SIDP Residency, Research Awards
UHCOP Faculty Earn Society of Infectious Diseases Pharmacists Awards for HIV Residency, C diff. Research
Two UH College of Pharmacy faculty members – Rustin D. Crutchley, Pharm.D., AAHIVP, and Amelia K. Sofjan, Pharm.D., BCPS – were honored with funded awards from the Society of Infectious Diseases Pharmacists (SIDP) at the organization's 2016 Annual Meeting June 16 in Boston, Mass.
Crutchley received the Merck Infectious Diseases Pharmacotherapy Residency Award for 2016-2017 and a $60,000 grant in support of the college's PGY-2 HIV Ambulatory Care-Clinical Pharmacogenetics Residency Program, which is believed to be the only program in the U.S. combining longitudinal clinical pharmacogenetics and ambulatory care for adult and pediatric HIV patients.
A clinical associate professor in the college's Department of Pharmacy Practice and Translational Research who started the HIV residency program in 2014, Crutchley has clinical appointments – and oversight of the resident's rotations – at three sites:
- Houston-based Companion Dx, a private pharmacogenetics company that uses diagnostics such as next-generation sequencing, pharmacogenetics testing, and therapeutic drug monitoring to assist clinicians regarding treatment and diagnoses;
- Retrovirology Clinic at Texas Children's Hospital; and
- the private HIV/AIDS clinic Therapeutics Concepts Inc.
"The recognition and support from SIDP and Merck for our program is a great acknowledgement of the work we are doing to to produce highly qualified practitioners in HIV with a valuable skill set in clinical pharmacogenetics, who are then best prepared to improve overall treatment outcomes for diverse HIV patient populations with multiple comorbidities," Crutchley said.
Sofjan, a clinical assistant professor in the PPTR department with a practice site at CHI St. Luke's Health-Baylor St. Luke's Medical Center, received the SIDP/Alere Research Award and a $10,000 grant for her project, "Incidence and microbiological characteristics of Clostridium difficile infection in Bangladesh."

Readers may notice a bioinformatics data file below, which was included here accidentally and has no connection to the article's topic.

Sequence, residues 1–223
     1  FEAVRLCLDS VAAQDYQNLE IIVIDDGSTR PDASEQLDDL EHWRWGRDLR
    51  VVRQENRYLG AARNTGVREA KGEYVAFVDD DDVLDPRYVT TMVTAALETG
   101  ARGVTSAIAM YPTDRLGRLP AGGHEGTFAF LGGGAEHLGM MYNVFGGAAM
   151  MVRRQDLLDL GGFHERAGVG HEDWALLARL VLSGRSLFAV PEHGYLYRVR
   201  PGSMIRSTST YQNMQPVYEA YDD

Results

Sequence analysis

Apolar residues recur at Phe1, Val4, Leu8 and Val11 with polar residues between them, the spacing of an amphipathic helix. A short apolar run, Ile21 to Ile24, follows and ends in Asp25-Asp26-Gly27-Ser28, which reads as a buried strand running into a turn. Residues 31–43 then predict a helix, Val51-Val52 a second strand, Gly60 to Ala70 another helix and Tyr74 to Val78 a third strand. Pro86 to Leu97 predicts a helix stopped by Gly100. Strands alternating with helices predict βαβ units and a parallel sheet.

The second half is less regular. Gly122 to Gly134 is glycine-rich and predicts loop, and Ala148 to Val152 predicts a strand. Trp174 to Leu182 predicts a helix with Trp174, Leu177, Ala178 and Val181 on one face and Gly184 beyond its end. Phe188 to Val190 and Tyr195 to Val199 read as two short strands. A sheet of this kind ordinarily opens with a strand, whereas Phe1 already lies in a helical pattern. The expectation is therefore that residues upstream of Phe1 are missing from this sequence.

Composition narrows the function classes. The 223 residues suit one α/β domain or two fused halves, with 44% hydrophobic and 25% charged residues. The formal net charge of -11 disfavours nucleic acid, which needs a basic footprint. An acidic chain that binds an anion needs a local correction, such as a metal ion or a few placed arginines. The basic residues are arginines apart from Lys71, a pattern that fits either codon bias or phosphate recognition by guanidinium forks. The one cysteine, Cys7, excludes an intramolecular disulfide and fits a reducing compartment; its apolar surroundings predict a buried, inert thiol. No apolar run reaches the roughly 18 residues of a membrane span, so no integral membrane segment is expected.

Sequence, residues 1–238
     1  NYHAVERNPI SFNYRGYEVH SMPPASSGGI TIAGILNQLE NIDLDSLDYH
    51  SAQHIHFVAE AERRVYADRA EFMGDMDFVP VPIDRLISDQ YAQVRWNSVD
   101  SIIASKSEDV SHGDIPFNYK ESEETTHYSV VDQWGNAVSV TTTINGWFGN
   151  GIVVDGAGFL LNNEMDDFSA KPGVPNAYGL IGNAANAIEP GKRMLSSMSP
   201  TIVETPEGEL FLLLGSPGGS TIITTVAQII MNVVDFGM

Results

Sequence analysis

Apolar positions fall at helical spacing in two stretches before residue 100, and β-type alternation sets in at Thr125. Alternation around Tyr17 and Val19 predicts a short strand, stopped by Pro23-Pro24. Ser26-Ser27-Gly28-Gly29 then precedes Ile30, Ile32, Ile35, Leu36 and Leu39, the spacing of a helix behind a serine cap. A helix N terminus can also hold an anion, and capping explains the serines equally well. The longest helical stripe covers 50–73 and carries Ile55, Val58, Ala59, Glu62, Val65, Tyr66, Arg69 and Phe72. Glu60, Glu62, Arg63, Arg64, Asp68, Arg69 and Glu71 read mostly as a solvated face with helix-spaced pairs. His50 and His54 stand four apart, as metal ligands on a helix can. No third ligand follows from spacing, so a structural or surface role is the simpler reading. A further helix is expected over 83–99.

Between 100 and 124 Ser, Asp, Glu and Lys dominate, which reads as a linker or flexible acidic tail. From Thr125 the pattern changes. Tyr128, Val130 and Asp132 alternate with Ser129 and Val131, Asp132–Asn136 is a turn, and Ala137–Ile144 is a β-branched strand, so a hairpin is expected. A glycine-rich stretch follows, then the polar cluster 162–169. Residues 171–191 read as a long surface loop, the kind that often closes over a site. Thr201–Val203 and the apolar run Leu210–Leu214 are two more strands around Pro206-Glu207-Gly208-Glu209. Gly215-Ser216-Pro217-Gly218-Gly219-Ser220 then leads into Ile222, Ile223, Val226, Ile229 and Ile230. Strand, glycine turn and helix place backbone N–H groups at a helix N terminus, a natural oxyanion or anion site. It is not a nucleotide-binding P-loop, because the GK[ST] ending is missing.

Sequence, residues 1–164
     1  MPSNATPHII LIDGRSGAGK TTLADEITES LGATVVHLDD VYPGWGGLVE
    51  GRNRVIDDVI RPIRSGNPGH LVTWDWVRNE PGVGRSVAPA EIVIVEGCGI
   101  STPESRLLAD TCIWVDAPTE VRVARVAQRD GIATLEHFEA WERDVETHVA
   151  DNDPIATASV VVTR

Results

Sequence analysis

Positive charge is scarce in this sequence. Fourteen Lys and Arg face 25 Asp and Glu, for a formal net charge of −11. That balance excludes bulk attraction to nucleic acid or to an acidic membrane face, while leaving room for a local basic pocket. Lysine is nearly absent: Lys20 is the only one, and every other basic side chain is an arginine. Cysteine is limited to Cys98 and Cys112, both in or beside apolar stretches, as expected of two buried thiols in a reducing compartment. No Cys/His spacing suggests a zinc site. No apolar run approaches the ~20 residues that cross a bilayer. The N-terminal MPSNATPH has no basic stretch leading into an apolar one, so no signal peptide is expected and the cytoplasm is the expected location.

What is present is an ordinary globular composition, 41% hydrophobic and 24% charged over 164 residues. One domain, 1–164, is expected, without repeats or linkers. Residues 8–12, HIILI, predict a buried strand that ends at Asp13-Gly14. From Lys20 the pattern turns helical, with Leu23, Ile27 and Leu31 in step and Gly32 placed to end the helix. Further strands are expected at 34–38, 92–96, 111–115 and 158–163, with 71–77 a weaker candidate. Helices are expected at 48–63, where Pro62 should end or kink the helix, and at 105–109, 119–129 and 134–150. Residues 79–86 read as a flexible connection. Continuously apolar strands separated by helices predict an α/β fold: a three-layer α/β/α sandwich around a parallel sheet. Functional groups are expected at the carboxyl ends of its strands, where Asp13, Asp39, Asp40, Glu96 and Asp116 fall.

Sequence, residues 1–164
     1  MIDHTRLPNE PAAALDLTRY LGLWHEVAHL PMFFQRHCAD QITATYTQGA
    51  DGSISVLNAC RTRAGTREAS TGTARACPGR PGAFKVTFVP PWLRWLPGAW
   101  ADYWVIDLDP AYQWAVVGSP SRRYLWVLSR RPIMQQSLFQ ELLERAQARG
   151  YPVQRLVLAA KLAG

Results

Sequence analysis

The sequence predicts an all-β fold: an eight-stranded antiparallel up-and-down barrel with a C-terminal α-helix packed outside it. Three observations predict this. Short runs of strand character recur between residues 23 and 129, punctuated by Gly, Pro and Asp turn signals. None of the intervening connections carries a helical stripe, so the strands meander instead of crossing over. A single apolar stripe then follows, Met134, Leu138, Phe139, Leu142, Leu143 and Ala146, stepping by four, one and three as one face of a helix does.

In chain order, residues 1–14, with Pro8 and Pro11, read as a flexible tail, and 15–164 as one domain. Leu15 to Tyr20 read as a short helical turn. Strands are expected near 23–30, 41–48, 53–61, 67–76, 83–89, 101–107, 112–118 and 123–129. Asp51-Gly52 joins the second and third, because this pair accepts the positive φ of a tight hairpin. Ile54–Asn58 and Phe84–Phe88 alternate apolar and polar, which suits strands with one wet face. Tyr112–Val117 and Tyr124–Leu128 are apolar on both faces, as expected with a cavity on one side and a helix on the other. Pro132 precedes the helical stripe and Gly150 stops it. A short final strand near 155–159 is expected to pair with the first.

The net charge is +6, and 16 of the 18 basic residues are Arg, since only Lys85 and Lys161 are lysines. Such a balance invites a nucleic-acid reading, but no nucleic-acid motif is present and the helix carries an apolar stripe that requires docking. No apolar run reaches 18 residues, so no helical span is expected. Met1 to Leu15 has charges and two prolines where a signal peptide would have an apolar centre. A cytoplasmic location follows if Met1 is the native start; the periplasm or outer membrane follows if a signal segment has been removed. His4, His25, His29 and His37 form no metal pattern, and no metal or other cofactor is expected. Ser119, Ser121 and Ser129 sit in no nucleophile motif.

Clostridium difficile infection (CDI) is classified by the U.S. Centers for Disease Control and Prevention as one of three "Urgent" drug-resistant threats to the U.S. CDI can cause severe diarrhea and life-threatening colitis, with those most at risk including people – especially older adults – who take or have been exposed to antibiotics and have received medical care. Considered the most common cause of infectious diarrhea in hospitalized patients, CDI is associated with recurrent infection, longer hospital stays, increased costs and increased risk of death.
While CDI constitutes a major concern in the U.S. and in Europe, it is considered "nonexistent" and rarely diagnosed in developing nations such as Bangladesh. However, backed by recent studies indicating the rise of CDI in hospitalized patients in Southeast Asia, the widespread use of broad-spectrum antibiotics in Bangladesh and preliminary data identifying toxigenic strains of the bacteria in environmental samples from Bangladesh, Sofjan believes diagnosis of CDI is likely an area of urgent, unmet need in the country.
"Data from this study should represent the only epidemiological study of CDI in Bangladesh," Sofjan said. "An accurate diagnosis of CDI is essential to alert clinicians to implement infection control measures, re-evaluate the need for antimicrobials and implement effective therapy."
The project will utilize a U.S.-developed rapid diagnostic tool during the initial sample collection and identification from patients at a large tertiary care hospital in Dhaka, Bangladesh. The positive samples will be sent to UHCOP to be cultured and strain typed, as well as compared to biobanked samples from Houston patients with positive CDI.
Sofjan's co-investigators are M. Jahangir Alam, Ph.D., UHCOP research assistant professor; M. Aminul Islam, Ph.D., associate scientist at International Centre for Diarrhoeal Disease Research in Dhaka, Bangladesh; and Kevin W. Garey, Pharm.D., M.S., FASHP, UHCOP professor.